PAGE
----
0

I'm going to be receiving some stock that I purchased through my Employee Stock Purchase Plan (ESPP) soon and I'm wondering how I would go about determining how much I would owe for taxes if I sold all the stock I get. Below is what I believe to be the relevant information but please let me know if I've left anything out:

Initial stock price: $32
My discount: 10%
Money I have contributed to the ESPP post tax: $10,000
Current stock price: $55

Based on my calculations I should receive about 346 shares. If I sell these as soon as I get them for $55/share it comes to $19,030. How do I determine what I would owe for taxes on that?

2

There are two things at work here.

Let's assume you are buying 300 shares for $32*300=$9600 at a time when the fair market value is $55. At this point you realize a gain of ($55-$32)*300 = $6900. As long you as don't sell anything, there are no taxes due.

If you sell the stock right away and cash the $6900 you need to pay regular income tax on this. How much tax that is depends on your tax bracket and your incremental tax rate.

Now let's assume you hold the stock more than one year and it goes up to $70. When you sell it at $70 you will have to pay regular income taxes on your initial gain of $6900. However the additional gain of ($70-$55)*300 = $4500 will be taxed as long term capital gain for which the tax rate is typically lower.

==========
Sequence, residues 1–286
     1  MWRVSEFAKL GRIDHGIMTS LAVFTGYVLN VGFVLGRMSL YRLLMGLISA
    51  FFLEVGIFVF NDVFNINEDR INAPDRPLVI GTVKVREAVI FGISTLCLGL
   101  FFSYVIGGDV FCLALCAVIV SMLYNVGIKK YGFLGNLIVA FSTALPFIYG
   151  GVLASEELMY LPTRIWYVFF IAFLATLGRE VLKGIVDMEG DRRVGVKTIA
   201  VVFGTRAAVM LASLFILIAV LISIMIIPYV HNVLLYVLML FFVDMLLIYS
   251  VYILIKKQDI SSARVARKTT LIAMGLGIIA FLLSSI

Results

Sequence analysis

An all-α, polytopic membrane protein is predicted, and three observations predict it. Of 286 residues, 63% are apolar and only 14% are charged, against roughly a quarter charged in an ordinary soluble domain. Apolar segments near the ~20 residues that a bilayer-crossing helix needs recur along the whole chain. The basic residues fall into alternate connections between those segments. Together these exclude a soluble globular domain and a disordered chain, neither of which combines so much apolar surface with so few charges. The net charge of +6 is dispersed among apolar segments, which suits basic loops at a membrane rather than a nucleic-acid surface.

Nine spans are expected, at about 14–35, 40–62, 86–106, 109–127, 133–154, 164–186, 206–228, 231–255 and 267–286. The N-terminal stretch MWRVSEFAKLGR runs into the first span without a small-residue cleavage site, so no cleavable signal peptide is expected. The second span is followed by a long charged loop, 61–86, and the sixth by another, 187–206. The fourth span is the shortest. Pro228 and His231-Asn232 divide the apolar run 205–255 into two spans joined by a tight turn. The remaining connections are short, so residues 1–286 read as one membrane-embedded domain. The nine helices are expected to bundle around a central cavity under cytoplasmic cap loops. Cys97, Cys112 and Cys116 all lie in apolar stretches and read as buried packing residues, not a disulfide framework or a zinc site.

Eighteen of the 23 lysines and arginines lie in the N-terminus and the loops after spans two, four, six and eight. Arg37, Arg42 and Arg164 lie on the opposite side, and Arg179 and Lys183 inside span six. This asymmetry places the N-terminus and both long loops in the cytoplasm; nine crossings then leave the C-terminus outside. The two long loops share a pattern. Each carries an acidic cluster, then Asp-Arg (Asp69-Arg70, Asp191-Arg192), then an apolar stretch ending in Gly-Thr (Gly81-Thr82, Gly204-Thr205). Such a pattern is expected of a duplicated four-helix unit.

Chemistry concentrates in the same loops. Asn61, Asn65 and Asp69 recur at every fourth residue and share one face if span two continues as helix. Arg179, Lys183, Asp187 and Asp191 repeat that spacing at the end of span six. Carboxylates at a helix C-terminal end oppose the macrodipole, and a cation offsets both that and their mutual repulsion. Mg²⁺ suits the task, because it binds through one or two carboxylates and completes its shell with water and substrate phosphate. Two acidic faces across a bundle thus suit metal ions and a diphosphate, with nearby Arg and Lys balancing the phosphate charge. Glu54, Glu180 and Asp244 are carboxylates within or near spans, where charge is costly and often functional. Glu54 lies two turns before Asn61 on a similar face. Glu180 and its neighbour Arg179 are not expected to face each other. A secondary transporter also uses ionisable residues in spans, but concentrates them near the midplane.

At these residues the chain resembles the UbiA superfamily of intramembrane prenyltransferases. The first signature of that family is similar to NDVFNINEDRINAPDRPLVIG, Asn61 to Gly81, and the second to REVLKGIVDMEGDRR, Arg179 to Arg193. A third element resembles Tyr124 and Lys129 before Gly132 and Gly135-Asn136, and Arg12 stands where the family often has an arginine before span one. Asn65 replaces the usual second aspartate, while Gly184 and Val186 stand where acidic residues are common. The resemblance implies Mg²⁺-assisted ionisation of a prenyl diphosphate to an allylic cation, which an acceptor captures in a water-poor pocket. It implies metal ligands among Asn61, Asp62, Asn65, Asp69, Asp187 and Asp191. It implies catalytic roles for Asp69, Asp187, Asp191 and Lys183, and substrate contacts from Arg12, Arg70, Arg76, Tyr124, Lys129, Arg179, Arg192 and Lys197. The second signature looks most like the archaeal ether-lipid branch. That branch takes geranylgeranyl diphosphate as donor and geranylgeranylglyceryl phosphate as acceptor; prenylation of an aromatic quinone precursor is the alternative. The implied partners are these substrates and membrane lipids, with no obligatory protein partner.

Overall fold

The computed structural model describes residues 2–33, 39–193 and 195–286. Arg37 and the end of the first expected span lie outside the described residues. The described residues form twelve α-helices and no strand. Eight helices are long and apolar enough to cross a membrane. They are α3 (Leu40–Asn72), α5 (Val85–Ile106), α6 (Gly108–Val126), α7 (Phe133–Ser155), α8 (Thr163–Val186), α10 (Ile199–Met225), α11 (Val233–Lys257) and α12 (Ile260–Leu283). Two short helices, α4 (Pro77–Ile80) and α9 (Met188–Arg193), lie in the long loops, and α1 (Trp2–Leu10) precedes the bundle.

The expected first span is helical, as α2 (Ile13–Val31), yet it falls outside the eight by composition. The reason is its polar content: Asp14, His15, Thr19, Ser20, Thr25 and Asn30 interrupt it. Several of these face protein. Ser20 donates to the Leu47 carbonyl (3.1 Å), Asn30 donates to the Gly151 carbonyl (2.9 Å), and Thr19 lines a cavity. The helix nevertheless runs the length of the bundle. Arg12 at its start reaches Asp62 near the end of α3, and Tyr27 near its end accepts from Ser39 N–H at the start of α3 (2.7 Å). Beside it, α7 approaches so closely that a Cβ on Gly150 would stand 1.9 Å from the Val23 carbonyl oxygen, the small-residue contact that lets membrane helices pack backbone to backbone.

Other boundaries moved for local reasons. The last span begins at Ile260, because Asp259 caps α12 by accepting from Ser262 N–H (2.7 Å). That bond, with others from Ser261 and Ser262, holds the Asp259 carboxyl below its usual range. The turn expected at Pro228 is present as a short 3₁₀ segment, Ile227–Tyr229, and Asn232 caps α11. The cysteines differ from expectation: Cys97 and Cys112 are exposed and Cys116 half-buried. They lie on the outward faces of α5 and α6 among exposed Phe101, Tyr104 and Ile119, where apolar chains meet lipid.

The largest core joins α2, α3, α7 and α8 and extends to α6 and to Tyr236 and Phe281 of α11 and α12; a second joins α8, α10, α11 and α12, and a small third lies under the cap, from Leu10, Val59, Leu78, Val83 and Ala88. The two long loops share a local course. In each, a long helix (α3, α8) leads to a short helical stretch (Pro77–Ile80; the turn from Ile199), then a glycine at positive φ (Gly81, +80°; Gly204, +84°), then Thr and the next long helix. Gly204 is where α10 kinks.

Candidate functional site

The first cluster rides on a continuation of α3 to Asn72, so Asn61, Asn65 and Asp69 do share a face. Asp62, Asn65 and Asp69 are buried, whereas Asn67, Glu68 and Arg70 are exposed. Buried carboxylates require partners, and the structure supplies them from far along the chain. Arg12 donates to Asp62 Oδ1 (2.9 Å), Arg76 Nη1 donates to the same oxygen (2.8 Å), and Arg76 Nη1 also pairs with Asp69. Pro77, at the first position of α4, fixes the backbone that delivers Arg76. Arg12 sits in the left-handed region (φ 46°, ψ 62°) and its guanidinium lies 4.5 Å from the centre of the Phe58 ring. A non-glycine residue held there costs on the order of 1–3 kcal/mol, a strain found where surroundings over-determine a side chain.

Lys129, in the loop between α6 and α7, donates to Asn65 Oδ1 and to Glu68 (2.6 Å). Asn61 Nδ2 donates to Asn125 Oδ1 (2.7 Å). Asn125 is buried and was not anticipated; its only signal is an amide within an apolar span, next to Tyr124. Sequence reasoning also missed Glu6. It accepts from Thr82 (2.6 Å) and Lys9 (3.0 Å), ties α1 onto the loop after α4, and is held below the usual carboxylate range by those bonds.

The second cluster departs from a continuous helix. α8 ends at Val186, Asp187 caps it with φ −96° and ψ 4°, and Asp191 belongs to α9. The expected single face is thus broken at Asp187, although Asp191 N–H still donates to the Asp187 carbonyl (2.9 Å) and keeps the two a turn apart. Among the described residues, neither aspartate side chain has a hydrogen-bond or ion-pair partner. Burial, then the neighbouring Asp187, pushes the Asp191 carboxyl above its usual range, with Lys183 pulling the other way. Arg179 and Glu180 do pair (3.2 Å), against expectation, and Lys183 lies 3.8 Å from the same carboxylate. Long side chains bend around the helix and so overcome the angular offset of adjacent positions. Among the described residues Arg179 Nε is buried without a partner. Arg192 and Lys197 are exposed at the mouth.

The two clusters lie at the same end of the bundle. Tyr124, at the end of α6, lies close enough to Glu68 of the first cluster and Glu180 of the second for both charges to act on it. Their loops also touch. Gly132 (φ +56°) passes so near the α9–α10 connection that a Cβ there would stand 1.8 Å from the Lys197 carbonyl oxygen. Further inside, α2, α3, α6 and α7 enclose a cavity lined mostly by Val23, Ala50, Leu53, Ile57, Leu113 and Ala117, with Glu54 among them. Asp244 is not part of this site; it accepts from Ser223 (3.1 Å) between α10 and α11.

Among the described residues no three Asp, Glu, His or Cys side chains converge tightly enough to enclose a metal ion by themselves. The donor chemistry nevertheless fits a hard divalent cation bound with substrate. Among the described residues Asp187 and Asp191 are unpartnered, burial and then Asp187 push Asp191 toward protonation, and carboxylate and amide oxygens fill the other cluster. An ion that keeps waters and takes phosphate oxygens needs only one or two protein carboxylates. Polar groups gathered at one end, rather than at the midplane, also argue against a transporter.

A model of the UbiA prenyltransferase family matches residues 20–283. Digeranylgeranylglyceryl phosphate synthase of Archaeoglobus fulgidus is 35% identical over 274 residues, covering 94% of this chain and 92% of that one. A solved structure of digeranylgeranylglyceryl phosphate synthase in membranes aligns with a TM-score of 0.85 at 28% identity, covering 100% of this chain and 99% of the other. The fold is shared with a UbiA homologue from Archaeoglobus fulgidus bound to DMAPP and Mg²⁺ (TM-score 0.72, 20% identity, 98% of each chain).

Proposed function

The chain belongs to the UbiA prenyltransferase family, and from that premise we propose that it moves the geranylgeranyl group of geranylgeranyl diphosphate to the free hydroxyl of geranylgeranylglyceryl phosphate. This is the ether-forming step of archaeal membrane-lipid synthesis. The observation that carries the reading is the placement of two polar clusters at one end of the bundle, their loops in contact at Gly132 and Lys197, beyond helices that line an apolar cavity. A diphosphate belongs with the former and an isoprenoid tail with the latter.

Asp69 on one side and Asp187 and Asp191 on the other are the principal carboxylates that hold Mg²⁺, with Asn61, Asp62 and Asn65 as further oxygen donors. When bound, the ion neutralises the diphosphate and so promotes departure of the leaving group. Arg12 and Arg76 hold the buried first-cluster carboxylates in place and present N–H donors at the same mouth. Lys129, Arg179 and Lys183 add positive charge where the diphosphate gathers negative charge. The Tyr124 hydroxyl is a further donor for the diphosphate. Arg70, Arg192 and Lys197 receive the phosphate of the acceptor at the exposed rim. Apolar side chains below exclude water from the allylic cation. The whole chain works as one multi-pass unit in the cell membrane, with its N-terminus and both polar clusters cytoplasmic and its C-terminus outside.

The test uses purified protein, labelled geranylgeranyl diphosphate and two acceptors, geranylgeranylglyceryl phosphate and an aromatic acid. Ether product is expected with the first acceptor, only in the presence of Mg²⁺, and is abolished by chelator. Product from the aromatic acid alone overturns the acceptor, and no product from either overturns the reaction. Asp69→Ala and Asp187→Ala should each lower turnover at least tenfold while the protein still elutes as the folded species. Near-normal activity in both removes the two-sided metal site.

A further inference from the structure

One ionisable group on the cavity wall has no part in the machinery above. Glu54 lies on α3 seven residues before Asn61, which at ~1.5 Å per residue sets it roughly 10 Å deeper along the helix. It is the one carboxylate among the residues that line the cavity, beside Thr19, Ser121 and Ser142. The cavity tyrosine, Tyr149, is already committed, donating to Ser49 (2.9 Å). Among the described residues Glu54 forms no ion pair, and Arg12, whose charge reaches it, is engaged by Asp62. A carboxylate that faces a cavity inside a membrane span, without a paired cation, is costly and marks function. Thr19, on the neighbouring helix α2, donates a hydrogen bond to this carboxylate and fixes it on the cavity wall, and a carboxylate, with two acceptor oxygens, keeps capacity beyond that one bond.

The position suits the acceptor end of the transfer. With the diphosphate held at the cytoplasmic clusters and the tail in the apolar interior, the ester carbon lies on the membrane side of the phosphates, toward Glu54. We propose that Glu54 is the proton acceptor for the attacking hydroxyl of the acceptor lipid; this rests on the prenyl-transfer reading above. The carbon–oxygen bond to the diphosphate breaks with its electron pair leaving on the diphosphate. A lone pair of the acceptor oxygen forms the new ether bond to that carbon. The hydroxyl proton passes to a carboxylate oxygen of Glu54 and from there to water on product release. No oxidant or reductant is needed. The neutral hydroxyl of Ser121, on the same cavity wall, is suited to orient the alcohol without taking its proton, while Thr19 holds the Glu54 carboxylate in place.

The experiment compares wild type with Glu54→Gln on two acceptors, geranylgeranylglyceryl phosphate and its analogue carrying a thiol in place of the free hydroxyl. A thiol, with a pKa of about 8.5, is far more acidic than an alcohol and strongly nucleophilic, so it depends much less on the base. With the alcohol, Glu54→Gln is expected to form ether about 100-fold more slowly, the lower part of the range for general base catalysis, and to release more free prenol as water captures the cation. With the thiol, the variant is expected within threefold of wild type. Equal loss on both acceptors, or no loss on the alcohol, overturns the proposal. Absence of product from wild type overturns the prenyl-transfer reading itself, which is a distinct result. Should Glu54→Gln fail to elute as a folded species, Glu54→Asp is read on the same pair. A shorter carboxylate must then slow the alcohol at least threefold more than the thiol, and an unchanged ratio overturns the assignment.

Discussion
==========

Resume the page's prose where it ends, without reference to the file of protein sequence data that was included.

Holding it for more than a day and less than a year you may owe short term capital gains which in some states (Massachusetts for example) is a bad idea.

Caveat: Taxes are complicated and depend on a lot of specifics and fine print. Consider consulting a professional tax adviser.

| improve this answer | |
  • 1
    Also if they hold for more than two years from the grant date (not the purchase date), it becomes a qualified distribution and it's taxed totally differently. – Daniel Dec 5 '19 at 2:09

Your Answer

By clicking “Post Your Answer”, you agree to our terms of service, privacy policy and cookie policy

Not the answer you're looking for? Browse other questions tagged or ask your own question.